The Library of Congress Veterans History Project (VHP), a program of the American Folklife Center, celebrated Asian Pacific American Heritage Month in May by adding eight fully digitized collections of Asian Pacific American veterans to the "Experiencing War" Web series at www.loc.gov/warstories/.
Titled "Asian Pacific Americans: Going for Broke," the new collections include stories from World War II and the Korean, Vietnam and Iraq Wars, with special emphasis on the 442nd Regimental Combat Team, the "Go for Broke" outfit of Japanese Americans who fought valiantly in Europe during World War II.
"We are honored to have oral histories from the 442nd Regimental Combat Team in our collection," said Bob Patrick, director of the VHP. "Many of these veterans put their lives on the line for their country while their families were confined to internment camps back in the States. We hope this series will build awareness and appreciation for their contributions and also encourage more veterans from every ethnic background to share their experiences."
Featured narratives include the story of Jimmie Kanaya, who, in 1941 at age 20, eagerly enlisted in the military—just months before the attack on Pearl Harbor. After helping his parents relocate from their Oregon home to an Idaho internment camp, Kanaya took his skills as a medic to the 442nd Regimental Combat Team. He aggressively cared for his men and at one point negotiated a halt in the fighting to bring casualties in from the battlefield. Captured by German troops, he escaped three times; at war's end, he was the only noncaucasian in his POW camp. Kanaya continued to serve his country during the Korean and Vietnam Wars.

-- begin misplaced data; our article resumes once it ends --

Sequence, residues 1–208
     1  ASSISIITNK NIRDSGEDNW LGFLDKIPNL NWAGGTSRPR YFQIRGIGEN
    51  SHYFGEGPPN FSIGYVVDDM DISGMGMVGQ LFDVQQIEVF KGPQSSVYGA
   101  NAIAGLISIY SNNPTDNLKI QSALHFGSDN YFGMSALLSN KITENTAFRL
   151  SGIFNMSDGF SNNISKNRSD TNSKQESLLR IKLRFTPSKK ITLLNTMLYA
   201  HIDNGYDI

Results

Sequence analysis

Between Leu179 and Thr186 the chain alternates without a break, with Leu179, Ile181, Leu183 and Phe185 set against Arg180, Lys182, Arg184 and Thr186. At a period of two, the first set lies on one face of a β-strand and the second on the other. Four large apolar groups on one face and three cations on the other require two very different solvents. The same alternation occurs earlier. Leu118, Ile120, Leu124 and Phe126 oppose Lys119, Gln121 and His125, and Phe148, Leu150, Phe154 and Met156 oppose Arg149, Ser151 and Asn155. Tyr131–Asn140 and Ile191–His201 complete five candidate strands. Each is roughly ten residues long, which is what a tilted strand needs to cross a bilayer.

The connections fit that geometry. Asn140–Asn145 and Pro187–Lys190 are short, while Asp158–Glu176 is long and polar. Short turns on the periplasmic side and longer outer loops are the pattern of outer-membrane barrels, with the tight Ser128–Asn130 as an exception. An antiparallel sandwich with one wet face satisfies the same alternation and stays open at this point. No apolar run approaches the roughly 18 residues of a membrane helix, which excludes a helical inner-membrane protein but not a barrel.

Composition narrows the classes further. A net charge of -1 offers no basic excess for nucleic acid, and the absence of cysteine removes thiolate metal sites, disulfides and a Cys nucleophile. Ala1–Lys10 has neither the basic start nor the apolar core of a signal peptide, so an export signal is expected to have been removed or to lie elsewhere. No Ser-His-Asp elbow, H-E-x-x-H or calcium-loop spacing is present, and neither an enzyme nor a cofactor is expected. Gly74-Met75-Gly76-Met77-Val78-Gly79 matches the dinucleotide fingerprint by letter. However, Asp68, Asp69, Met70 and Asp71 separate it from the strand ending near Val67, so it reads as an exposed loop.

The collection also recounts the experience of Gordon Nakagawa, who became a naval aviator in 1958 when the American military's main concern was Cold War strategy. Ten years later, Nakagawa flew bombing missions over Vietnam in a new A-6 Intruder, capable of flying at night and in all kinds of weather. On a subsequent tour of duty in Vietnam, Nakagawa's plane was brought down, and he became a "guest" of the North Vietnamese at the infamous Hanoi Hilton. Nakagawa called on his training and the shared experiences of previous POWs to survive his stay.
Also chronicled is the experience of Matthew Braiotta. Born in Korea and raised on Long Island by adoptive parents, Braiotta joined the Army in 1999 right out of high school. His intention was to pick a military specialty in the combat arms. As part of an armored cavalry unit, he served in Bosnia and then shipped out to Iraq in March 2003. Eight months later, he was badly wounded by a roadside explosive device. Now out of the Army, Braiotta credits his military experience with giving his life purpose and direction.
As part of the continuing effort by the Library to make its collections accessible online, more than a dozen sets of individual collections—comprising interviews, letters, photographs and written memoirs—have been featured on the VHP Web site. Past themes include D-Day, prisoners of war, women veterans, military medicine, spies and African American veterans. The "Experiencing War" section of Web site includes companion pages for the project's two books: "Forever a Soldier" and "Voices of War."